Method Credit (lines 16–19) doesn't return data when it completes its task, so its return type is void. The method receives one parameter named amount—a decimal value that's added to the property Balance. Line 18 uses both the get and set accessors of Balance. The expression Balance + amount invokes property Balance's get accessor to obtain the current value of instance variable balance, then adds amount to it. We then assign the result to instance variable balance by invoking the Balance property's set accessor (thus replacing the prior balance value).

Property Balance (lines 22–35) provides a get accessor, which allows clients of the class (i.e., other classes that use this class) to obtain the value of a particular Account object's balance. The property has type decimal (line 22). Balance also provides an enhanced set accessor.

In Section 4.5, we introduced properties whose set accessors allow clients of a class to modify the value of a private instance variable. In Fig. 4.7, class GradeBook defines property CourseName's set accessor to assign the value received in its parameter value to instance variable courseName (line 19). This CourseName property does not ensure that courseName contains only valid data.

The application of Figs. 4.15–4.16 enhances the set accessor of class Account's property Balance to perform this validation (also known as validity checking). Line 32 (Fig. 4.15) ensures that value is nonnegative. If the value is greater than or equal to 0, the amount stored in value is assigned to instance variable balance in line 33. Otherwise, balance is left unchanged.

AccountTest Class to Use Class Account

Class AccountTest (Fig. 4.16) creates two Account objects (lines 10–11) and initializes them respectively with 50.00M and -7.53M (the decimal literals representing the real numbers 50.00 and -7.53). The Account constructor (lines 10–13 of Fig. 4.15) references property Balance to initialize balance. In previous examples, the benefit of referencing the property in the constructor was not evident. Now, however, the constructor takes advantage of the validation provided by the set accessor of the Balance property. The constructor simply assigns a value to Balance rather than duplicating the set accessor's validation code. When line 11 of Fig. 4.16 passes an initial balance of -7.53 to the Account constructor, the constructor passes this value to the set accessor of property Balance, where the actual initialization occurs. This value is less than 0, so the set accessor does not modify balance, leaving this instance variable with its default value of 0.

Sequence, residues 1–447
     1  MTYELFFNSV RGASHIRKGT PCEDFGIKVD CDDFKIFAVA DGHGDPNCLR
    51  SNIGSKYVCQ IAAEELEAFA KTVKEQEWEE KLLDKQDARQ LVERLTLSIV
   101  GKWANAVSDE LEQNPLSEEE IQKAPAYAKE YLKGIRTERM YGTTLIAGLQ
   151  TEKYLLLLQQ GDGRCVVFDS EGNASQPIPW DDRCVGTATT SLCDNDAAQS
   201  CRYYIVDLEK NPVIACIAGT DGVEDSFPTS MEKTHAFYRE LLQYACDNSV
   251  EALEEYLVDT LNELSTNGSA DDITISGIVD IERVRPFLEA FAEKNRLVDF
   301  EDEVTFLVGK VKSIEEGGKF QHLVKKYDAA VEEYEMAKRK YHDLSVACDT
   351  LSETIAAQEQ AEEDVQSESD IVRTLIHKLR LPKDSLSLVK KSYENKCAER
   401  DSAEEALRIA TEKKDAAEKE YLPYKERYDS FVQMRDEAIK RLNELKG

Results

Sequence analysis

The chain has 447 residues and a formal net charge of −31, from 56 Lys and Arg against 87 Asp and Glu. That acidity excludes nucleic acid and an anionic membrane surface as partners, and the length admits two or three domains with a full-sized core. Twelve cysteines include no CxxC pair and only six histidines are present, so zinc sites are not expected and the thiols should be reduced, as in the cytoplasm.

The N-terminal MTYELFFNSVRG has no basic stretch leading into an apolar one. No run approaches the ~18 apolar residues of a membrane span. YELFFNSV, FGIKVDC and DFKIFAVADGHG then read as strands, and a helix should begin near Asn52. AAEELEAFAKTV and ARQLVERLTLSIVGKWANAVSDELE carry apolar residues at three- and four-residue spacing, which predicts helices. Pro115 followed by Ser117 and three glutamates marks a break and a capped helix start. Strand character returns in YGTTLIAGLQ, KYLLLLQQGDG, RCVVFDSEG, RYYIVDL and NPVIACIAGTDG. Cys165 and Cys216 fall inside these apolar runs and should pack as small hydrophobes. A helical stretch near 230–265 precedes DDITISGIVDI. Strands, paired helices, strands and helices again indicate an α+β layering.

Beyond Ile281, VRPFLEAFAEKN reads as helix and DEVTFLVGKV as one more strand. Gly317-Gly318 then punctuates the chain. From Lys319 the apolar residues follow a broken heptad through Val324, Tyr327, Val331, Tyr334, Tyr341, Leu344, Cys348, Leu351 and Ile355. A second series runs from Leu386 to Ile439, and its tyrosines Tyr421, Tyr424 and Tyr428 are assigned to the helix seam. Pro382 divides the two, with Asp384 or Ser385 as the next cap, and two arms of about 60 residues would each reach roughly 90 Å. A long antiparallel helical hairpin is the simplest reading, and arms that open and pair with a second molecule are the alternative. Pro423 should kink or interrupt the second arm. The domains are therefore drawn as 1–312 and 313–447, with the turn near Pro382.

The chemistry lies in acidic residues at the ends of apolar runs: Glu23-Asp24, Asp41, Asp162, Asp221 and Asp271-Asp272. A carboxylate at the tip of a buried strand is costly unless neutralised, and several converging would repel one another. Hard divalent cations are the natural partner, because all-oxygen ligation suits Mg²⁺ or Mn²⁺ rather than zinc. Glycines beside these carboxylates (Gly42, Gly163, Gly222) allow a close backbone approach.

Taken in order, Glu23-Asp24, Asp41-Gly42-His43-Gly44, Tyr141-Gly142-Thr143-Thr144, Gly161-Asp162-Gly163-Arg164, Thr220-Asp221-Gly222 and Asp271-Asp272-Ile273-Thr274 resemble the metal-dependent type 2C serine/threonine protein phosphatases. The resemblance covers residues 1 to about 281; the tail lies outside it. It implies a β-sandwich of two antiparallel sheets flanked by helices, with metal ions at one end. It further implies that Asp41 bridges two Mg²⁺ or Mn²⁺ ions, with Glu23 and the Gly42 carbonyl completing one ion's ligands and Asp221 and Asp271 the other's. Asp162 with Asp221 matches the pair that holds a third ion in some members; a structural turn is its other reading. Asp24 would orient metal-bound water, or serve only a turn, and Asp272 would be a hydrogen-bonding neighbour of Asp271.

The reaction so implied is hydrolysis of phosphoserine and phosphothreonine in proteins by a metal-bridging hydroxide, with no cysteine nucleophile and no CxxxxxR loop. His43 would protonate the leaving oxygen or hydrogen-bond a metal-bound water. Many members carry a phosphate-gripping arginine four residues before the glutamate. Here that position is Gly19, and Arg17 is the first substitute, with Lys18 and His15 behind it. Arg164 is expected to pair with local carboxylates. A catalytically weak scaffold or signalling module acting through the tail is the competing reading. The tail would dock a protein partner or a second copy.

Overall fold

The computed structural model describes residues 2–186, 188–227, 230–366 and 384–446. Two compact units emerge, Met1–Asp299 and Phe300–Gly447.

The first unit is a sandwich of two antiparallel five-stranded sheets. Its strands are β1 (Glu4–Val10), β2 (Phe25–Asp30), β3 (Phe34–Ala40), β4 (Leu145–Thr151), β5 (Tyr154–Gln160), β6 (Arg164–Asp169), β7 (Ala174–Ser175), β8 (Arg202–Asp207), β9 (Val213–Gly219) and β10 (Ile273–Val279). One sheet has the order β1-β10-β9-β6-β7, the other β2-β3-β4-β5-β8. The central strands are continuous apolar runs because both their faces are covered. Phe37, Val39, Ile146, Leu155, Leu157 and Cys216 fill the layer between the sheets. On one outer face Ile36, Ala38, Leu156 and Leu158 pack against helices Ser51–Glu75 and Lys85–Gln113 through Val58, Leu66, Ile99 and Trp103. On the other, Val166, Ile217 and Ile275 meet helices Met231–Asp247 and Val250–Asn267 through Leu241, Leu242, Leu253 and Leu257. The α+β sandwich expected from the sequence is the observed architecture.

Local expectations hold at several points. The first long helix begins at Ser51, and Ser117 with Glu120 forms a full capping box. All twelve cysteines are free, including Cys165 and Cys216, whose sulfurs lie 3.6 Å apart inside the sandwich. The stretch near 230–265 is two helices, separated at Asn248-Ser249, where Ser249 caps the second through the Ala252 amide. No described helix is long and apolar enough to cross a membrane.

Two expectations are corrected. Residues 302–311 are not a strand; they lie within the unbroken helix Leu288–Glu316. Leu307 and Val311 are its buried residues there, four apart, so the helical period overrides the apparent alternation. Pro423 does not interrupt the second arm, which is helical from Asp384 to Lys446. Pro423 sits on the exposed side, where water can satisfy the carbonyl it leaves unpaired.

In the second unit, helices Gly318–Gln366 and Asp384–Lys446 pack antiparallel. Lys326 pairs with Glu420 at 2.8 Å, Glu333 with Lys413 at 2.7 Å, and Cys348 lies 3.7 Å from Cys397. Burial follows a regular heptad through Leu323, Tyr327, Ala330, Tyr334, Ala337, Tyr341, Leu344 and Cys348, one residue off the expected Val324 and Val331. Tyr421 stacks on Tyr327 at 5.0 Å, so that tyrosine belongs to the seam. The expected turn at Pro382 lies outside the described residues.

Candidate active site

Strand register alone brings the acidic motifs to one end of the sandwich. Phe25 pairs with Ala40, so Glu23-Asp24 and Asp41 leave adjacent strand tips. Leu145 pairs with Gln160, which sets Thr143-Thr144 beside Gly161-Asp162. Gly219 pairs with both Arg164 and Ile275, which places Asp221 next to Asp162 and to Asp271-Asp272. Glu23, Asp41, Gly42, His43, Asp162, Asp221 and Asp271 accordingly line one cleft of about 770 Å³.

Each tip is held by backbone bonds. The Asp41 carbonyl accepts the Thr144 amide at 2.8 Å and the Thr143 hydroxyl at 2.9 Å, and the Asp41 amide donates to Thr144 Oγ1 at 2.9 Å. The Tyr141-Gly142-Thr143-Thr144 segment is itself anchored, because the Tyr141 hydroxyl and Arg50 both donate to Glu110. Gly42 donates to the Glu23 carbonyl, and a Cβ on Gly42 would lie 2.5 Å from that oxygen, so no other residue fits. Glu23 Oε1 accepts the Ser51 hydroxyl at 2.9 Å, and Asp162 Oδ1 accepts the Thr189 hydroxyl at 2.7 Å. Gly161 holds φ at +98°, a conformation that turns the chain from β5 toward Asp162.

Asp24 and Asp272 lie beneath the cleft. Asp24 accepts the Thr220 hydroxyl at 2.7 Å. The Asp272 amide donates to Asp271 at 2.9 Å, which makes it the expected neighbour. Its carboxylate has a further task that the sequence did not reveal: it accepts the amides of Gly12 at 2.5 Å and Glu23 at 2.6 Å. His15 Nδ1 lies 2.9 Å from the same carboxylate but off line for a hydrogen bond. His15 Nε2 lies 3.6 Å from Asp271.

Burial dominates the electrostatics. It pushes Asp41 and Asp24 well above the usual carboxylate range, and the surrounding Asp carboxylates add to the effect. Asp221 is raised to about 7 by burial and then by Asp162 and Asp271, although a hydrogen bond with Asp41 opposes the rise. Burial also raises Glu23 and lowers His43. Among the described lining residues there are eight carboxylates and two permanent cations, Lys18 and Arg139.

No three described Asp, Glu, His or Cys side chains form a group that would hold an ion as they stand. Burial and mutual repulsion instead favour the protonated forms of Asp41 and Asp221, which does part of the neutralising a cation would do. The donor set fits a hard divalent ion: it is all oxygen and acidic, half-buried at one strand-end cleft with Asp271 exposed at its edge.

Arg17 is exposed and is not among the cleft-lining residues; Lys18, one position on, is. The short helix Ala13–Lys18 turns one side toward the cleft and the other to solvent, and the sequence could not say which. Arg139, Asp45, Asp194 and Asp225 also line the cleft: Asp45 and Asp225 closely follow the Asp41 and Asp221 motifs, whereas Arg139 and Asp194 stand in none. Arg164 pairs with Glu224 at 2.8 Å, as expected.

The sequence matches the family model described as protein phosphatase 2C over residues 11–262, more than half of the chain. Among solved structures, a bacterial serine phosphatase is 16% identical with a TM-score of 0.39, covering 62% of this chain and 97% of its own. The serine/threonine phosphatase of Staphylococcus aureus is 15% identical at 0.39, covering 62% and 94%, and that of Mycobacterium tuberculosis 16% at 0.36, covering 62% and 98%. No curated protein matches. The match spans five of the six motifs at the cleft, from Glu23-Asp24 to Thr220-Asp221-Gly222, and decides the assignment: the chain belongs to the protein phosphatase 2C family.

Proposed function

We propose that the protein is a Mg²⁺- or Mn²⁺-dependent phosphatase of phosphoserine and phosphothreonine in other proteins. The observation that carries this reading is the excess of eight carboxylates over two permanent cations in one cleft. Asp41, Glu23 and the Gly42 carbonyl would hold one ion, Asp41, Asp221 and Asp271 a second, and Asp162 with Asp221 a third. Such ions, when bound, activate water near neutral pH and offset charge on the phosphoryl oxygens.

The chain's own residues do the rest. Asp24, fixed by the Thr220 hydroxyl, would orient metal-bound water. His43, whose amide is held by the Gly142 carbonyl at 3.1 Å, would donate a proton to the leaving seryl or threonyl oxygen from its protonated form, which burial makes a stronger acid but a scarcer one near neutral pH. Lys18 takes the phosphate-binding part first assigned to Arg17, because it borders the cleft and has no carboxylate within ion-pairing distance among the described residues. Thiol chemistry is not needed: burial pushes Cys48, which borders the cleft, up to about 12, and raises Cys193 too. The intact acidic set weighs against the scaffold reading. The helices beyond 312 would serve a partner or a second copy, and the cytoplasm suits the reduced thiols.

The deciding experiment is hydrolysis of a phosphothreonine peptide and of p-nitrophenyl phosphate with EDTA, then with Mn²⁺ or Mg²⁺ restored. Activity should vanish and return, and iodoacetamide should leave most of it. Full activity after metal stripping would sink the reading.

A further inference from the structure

Lines 14–17 in Fig. 4.16 output the balance in each Account by using the Account's Balance property. When Balance is used for account1 (line 15), the value of account1's balance is returned by the get accessor in line 26 of Fig. 4.15 and displayed by the Console.WriteLine statement (Fig. 4.16, lines 14–15). Similarly, when property Balance is called for account2 from line 17, the value of the account2's balance is returned from line 26 of Fig. 4.15 and displayed by the Console.WriteLine statement (Fig. 4.16, lines 16–17). The balance of account2 is 0 because the constructor ensured that the account could not begin with a negative balance. The value is output by WriteLine with the format item {0:C}, which formats the account balance as a monetary amount. The : after the 0 indicates that the next character represents a format specifier, and the C format specifier after the : specifies a monetary amount (C is for currency). The cultural settings on the user's machine determine the format for displaying monetary amounts. For example, in the United States, 50 displays as $50.00. In Germany, 50 displays as 50,00 €. Figure 4.17 lists a few other format specifiers in addition to C.

Fig 4.17. string format specifiers.

Format specifier


C or c